3. “Report shows the NHS is nearly at breaking point as massive influx of EU migrants forces doctors to take on 1.5 million extra patients in just three years.”
Mail Online, 3 April 2016
Where it appeared: Mail Online homepage, with similar story on page 2 of The Daily Mail the next day.
Why this is wrong: The Mail Online provides no evidence that EU migrants are responsible for the NHS being at “breaking point”. The 1.5 million “extra patients” figure relates to the rise in GP registrations from all sources including increasing life expectancy and migration from outside the EU. The data is provided by the Health & Social Care Information Centre, which does not record the nationality of patients.
The original Mail Online article did not name the source of the “report” referred to in the article headline. When contacted by InFacts, a Mail Online spokesman said the article “followed the publication of a story in The Sun, which we understand refers to research provided by Vote Leave. We have updated our article to make the source of our article clear.”
4. “Britain could stop ten times more terror suspects from entering the country if it leaves the EU, justice minister says as he blasts EU rules for allowing terrorists to ‘waltz into Britain’”
Mail Online, 30 March 2016
Where it appeared: Website homepage
Why this is wrong: Dominic Raab, the pro-Brexit justice minister, never said the UK could “stop ten times more terror suspects” if it left the EU. He said that, since 2010, the UK has refused entry at its borders to 67,000 non-EU citizens compared to 6,000 EU citizens (listen from 24:15).
A Mail Online spokesperson told InFacts: “We reported Dominic Raab’s comments accurately, attributing the comments to him clearly, and Mr Raab himself used ‘ten times more’ in relation to the numbers of people refused entry. Our article made clear that the Justice Minister was referring to suspected terrorists and criminals on a number of occasions and, while the headline focused on the terrorism aspect, we consider that readers would have understood the position in the whole context of the article.”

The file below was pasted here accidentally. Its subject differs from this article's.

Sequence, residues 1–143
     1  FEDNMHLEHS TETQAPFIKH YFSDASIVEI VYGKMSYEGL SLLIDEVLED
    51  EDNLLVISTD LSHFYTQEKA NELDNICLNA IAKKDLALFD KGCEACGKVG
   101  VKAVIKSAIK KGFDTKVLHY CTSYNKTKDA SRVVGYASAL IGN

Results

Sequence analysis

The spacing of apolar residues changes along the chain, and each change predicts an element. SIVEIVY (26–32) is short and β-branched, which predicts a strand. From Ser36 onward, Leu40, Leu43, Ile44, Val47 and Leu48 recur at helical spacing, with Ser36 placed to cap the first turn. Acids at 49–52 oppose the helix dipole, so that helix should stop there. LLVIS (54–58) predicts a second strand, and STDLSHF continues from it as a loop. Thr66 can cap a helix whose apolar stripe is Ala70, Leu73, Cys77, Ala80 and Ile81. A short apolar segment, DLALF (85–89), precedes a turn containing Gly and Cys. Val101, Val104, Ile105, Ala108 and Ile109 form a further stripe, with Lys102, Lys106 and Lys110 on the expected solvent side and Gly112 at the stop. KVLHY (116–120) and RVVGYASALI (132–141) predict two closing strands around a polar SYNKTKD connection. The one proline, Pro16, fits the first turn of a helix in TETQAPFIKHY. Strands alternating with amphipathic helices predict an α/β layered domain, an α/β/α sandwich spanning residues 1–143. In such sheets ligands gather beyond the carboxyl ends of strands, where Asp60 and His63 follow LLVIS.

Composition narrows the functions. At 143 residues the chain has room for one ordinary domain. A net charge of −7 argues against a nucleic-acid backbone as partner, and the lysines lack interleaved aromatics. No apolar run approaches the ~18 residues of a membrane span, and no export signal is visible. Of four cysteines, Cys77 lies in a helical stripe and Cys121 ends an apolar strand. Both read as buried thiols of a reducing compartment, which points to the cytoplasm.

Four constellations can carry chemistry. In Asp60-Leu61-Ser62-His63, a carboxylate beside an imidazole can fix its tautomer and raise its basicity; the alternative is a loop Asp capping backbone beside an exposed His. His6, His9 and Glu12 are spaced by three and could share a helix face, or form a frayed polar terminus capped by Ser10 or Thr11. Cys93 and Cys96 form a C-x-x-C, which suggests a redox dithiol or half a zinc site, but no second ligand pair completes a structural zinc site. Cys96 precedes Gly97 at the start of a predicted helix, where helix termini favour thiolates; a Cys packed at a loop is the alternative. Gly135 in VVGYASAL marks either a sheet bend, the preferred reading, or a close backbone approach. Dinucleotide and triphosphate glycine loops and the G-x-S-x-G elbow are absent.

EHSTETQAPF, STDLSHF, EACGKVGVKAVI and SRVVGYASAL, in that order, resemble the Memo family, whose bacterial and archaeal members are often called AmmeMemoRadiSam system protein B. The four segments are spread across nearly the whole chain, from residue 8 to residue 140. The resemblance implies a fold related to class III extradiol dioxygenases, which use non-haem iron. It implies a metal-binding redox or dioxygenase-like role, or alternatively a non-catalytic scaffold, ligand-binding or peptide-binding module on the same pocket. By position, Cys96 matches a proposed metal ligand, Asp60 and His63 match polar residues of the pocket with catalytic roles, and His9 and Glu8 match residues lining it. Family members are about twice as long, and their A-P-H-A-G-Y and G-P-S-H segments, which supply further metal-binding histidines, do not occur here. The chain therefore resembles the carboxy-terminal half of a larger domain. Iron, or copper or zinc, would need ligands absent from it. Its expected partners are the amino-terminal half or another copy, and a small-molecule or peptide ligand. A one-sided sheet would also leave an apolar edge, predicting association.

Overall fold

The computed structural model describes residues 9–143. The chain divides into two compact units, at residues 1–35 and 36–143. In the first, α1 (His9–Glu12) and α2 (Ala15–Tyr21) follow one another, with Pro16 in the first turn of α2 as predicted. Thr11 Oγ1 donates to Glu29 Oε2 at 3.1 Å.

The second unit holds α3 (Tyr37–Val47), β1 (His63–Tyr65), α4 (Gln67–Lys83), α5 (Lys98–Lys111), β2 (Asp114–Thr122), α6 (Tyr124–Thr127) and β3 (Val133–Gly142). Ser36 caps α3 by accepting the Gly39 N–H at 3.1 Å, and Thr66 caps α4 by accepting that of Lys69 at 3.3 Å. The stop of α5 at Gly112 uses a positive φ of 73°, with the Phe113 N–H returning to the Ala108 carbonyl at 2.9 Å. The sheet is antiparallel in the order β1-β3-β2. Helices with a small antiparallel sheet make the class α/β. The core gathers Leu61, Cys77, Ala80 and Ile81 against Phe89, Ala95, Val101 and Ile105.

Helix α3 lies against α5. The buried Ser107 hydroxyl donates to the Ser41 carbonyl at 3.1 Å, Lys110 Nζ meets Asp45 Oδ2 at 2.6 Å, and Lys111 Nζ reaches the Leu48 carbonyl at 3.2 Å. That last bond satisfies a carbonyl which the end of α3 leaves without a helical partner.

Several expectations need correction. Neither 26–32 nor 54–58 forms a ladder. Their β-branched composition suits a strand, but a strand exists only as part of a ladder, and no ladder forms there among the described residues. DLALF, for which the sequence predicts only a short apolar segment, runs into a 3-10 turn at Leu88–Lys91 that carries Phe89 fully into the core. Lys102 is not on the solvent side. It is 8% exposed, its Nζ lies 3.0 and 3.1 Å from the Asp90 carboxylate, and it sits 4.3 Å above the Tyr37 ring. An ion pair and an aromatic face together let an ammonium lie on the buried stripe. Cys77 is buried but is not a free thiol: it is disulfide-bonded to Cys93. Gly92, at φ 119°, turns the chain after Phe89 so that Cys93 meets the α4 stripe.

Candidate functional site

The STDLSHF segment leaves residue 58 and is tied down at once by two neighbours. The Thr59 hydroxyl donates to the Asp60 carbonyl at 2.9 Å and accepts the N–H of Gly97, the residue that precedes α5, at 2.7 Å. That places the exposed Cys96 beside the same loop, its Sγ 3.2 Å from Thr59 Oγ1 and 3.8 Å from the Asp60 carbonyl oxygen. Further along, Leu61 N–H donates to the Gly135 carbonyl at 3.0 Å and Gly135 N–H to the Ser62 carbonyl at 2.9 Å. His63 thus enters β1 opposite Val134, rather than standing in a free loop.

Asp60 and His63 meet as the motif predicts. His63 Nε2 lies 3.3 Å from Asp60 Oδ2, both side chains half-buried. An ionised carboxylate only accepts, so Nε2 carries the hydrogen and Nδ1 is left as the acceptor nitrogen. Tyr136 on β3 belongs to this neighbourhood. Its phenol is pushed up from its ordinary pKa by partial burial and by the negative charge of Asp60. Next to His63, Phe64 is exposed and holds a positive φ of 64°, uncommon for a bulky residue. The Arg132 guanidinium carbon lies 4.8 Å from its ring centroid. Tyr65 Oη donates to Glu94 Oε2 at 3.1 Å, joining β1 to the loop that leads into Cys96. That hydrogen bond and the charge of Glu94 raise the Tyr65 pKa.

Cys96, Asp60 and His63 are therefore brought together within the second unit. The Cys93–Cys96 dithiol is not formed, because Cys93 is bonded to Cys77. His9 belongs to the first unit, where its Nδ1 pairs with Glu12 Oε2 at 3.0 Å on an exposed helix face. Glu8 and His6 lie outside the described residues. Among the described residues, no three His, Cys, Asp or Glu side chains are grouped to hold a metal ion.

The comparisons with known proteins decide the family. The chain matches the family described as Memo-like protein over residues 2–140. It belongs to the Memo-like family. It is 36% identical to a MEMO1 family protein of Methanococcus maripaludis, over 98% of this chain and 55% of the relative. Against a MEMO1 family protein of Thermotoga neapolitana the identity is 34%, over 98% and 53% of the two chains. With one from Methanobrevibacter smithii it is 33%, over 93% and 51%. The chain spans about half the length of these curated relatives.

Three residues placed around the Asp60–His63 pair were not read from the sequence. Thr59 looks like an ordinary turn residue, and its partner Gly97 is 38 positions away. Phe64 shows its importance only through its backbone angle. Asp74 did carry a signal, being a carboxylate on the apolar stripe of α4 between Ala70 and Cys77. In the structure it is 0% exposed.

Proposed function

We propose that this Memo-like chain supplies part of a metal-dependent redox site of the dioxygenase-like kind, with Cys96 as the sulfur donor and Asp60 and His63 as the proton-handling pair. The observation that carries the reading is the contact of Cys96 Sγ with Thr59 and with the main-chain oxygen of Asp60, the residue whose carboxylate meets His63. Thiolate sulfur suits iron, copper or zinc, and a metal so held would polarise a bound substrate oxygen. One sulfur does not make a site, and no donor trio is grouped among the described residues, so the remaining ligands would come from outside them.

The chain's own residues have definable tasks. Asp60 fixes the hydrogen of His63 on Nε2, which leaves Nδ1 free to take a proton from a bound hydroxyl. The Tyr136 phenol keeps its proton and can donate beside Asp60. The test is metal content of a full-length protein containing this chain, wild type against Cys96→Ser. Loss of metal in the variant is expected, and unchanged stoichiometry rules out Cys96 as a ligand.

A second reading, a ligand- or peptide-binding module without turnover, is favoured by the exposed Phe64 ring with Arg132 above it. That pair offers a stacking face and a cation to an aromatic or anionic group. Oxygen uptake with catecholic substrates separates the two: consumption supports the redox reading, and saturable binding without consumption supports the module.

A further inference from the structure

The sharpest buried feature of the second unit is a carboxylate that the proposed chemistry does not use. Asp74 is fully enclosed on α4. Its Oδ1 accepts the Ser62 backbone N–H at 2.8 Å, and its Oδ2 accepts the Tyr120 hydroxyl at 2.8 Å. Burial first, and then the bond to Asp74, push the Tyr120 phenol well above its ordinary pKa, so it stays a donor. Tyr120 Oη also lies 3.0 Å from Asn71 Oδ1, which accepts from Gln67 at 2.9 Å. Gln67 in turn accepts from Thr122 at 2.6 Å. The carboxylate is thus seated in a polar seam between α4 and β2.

But Raab did not say that the UK could stop ten times more “terror suspects” if it left the EU. What’s more, the non-EU citizens stopped were not mainly, let alone all, terror suspects. Raab’s statistics compare apples with oranges. EU citizens can be refused entry only on “public policy, public security or public health” grounds. Citizens of other countries can be refused formany other reasons, most commonly ones preventing economic migration.
5. “Now EU wants asylum control”
“Madness as Brussels plots to tell us who can come and stay in our country.”
“Brussels chiefs last night unveiled plans to end Britain’s control over asylum seekers. They want a centralised EU asylum force with power to meddle in immigration policies of member states.”
Daily Express, 8 March 2016
Where it appeared: Front page splash